Astronomical Entities Land Masses Islands Mountains Deserts Salt Water Entities Fresh Water Entities
Places were named with no global perspective, and before their full descriptions were known.
E.g. Caspian Sea (a lake), Bay of Bengal (a sea).
Places were named mainly by Europeans, with a European, not a global, perspective.
E.g. “Near East” and “Far “East” (i.e. near and far from Europe). Europe even declared itself a continent!
Places were sometimes named after the first European explorer to “discover” them. E.g. Bering Sea, Magellan Strait.
Centuries ago when many places were named, ethnicity sensitivities were not an issue. Times have changed.
In Peoplese, oceans, seas, gulfs, bays, straits, channels, lakes, etc. are correctly identified,
and in many cases local geographical names are utilized.
As for cosmological words, we’re still learning what’s out there (not “up there”)..
Definitions of Geographical
Capitalize the generic word only if it’s part of the proper name.
E.g., Lake Malawi, Ocean Atlantic, but not continent Eurasia, nation Denmark, county Cork, province Quebec.
Writing “the Atlantic ocean” is comprehensible but clumsy; whereas “the Malawi lake” is accurate only if Malawi has one lake.
Continent Eurasia, Lake Malawi, River Jordon, Mountain Range American Spine, Mount McKinley, Sea Bengal, Ocean Atlantic.
But: First Street, Tulip Avenue, Pine Lane – because the proper name is what is wanted quickly,
and in everyday conversation street / avenue / lane, etc. designations are secondary.
“the World” is defined by its context.
Place Name Preferences
Ideally geographical names should last for millenniums, while geopolitical names come and go. If more than one name defines a particular place, the ancient / historic name is preferable, unless there is a reason why not. Peoplese uses “Mesopotamia” and “Persia”, two ancient, beautifully sounding words, for the regions principally occupied by modern nations Iraq and Iran. Peoplese retains the Biblical name “Canaan”, more recently re-named Palestine. (The Bible is an important source of geographical names not because it is a religious book but because it is the only surviving ancient text of the region.) Colonial names are geopolitical names, not geographical names, and should not be retained unless the post-colonial native inhabitants so choose.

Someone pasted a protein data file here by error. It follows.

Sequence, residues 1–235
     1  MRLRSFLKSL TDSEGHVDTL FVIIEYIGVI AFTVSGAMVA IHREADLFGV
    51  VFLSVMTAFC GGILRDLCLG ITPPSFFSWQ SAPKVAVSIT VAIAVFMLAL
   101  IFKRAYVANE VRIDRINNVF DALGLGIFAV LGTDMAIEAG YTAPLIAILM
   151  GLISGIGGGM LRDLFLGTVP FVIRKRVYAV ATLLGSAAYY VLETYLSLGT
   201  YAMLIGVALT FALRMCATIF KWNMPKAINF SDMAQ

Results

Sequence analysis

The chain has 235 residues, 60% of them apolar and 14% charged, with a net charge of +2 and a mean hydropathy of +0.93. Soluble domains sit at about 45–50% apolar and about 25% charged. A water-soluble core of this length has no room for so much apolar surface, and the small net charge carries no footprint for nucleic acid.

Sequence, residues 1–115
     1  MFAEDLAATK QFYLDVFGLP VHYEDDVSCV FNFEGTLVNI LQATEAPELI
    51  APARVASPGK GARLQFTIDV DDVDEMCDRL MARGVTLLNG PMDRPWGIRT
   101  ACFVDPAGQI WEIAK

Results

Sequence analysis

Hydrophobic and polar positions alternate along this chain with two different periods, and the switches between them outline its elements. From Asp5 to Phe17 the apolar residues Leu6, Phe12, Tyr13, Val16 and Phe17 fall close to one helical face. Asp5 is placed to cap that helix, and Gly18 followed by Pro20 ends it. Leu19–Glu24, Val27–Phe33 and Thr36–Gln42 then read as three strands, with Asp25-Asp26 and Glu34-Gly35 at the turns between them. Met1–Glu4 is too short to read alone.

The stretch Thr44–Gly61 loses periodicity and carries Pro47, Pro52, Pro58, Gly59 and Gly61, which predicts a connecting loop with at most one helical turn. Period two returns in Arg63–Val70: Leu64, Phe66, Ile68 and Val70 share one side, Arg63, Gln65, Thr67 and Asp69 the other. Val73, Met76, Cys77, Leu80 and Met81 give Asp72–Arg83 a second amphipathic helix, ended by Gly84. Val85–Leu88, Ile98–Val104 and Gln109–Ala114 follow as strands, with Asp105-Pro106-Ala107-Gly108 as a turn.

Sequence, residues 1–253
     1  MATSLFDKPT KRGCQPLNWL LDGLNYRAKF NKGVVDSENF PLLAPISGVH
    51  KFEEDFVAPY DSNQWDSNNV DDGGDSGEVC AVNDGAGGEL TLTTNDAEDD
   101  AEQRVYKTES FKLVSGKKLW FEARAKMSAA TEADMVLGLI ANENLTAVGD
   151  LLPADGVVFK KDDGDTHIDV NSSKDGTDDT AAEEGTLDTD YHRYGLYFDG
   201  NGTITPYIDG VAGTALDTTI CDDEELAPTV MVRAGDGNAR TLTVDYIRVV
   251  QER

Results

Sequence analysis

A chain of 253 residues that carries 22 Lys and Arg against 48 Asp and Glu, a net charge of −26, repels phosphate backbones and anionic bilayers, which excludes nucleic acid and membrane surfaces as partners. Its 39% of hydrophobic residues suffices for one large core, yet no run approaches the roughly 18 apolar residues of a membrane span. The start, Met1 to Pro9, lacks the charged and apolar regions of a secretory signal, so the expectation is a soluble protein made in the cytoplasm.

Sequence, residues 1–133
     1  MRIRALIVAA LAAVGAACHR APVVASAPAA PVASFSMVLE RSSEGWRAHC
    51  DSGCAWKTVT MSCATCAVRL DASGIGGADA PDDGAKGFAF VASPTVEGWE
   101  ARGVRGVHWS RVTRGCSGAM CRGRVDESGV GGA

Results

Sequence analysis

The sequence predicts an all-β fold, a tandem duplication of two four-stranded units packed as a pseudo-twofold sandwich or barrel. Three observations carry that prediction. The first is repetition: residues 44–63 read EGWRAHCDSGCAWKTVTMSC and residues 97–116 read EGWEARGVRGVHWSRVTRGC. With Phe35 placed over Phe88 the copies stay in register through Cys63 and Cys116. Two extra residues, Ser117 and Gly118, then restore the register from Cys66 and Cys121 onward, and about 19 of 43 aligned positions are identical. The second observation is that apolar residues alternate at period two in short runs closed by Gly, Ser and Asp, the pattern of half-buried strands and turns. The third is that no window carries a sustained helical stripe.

Reasons to abandon an historic place name can be many. Biblical “Great Sea” (named millenniums before people realized it was a gulf), subsequently renamed (from Latin “midland”) Mediterranean Sea, is in Peoplese “Gulf Great”. Many lakes were originally dubbed “seas”. It was a shame to replace beautifully sounding “Ceylon” with neutral sounding “Sri Lanka”. There’s nothing “central” about the region of far-southern North America currently named “Central America”.And, by the way, “north” is not “up” any more than “west” is “left”.